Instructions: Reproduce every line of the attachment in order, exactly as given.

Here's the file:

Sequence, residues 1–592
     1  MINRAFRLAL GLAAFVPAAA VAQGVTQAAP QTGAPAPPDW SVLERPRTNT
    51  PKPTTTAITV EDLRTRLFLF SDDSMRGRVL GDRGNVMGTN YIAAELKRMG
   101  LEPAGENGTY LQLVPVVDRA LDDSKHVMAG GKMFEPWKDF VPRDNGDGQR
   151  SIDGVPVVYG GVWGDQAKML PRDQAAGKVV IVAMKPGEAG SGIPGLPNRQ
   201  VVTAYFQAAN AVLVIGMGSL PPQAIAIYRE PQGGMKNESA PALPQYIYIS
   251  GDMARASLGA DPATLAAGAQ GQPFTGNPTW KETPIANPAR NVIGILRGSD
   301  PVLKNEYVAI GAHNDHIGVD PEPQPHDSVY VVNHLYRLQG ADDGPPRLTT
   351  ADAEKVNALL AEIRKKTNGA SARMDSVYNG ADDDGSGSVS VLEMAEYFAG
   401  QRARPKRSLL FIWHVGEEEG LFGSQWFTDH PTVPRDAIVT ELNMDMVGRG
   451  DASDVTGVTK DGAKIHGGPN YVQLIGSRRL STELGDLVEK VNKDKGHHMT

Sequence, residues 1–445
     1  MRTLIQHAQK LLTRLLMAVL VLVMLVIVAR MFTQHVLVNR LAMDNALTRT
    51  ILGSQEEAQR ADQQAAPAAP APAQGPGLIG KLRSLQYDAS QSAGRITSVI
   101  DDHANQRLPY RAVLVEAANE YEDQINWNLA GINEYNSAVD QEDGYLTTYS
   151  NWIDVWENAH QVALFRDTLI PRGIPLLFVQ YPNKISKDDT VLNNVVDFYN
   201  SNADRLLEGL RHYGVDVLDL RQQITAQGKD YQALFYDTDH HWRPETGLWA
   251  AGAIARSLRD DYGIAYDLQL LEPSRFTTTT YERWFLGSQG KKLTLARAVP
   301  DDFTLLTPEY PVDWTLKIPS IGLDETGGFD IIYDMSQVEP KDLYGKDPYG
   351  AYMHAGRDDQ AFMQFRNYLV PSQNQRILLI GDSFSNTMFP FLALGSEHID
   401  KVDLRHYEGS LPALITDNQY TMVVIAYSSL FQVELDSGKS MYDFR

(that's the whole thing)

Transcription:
Sequence, residues 1–592
     1  MINRAFRLAL GLAAFVPAAA VAQGVTQAAP QTGAPAPPDW SVLERPRTNT
    51  PKPTTTAITV EDLRTRLFLF SDDSMRGRVL GDRGNVMGTN YIAAELKRMG
   101  LEPAGENGTY LQLVPVVDRA LDDSKHVMAG GKMFEPWKDF VPRDNGDGQR
   151  SIDGVPVVYG GVWGDQAKML PRDQAAGKVV IVAMKPGEAG SGIPGLPNRQ
   201  VVTAYFQAAN AVLVIGMGSL PPQAIAIYRE PQGGMKNESA PALPQYIYIS
   251  GDMARASLGA DPATLAAGAQ GQPFTGNPTW KETPIANPAR NVIGILRGSD
   301  PVLKNEYVAI GAHNDHIGVD PEPQPHDSVY VVNHLYRLQG ADDGPPRLTT
   351  ADAEKVNALL AEIRKKTNGA SARMDSVYNG ADDDGSGSVS VLEMAEYFAG
   401  QRARPKRSLL FIWHVGEEEG LFGSQWFTDH PTVPRDAIVT ELNMDMVGRG
   451  DASDVTGVTK DGAKIHGGPN YVQLIGSRRL STELGDLVEK VNKDKGHHMT

Sequence, residues 1–445
     1  MRTLIQHAQK LLTRLLMAVL VLVMLVIVAR MFTQHVLVNR LAMDNALTRT
    51  ILGSQEEAQR ADQQAAPAAP APAQGPGLIG KLRSLQYDAS QSAGRITSVI
   101  DDHANQRLPY RAVLVEAANE YEDQINWNLA GINEYNSAVD QEDGYLTTYS
   151  NWIDVWENAH QVALFRDTLI PRGIPLLFVQ YPNKISKDDT VLNNVVDFYN
   201  SNADRLLEGL RHYGVDVLDL RQQITAQGKD YQALFYDTDH HWRPETGLWA
   251  AGAIARSLRD DYGIAYDLQL LEPSRFTTTT YERWFLGSQG KKLTLARAVP
   301  DDFTLLTPEY PVDWTLKIPS IGLDETGGFD IIYDMSQVEP KDLYGKDPYG
   351  AYMHAGRDDQ AFMQFRNYLV PSQNQRILLI GDSFSNTMFP FLALGSEHID
   401  KVDLRHYEGS LPALITDNQY TMVVIAYSSL FQVELDSGKS MYDFR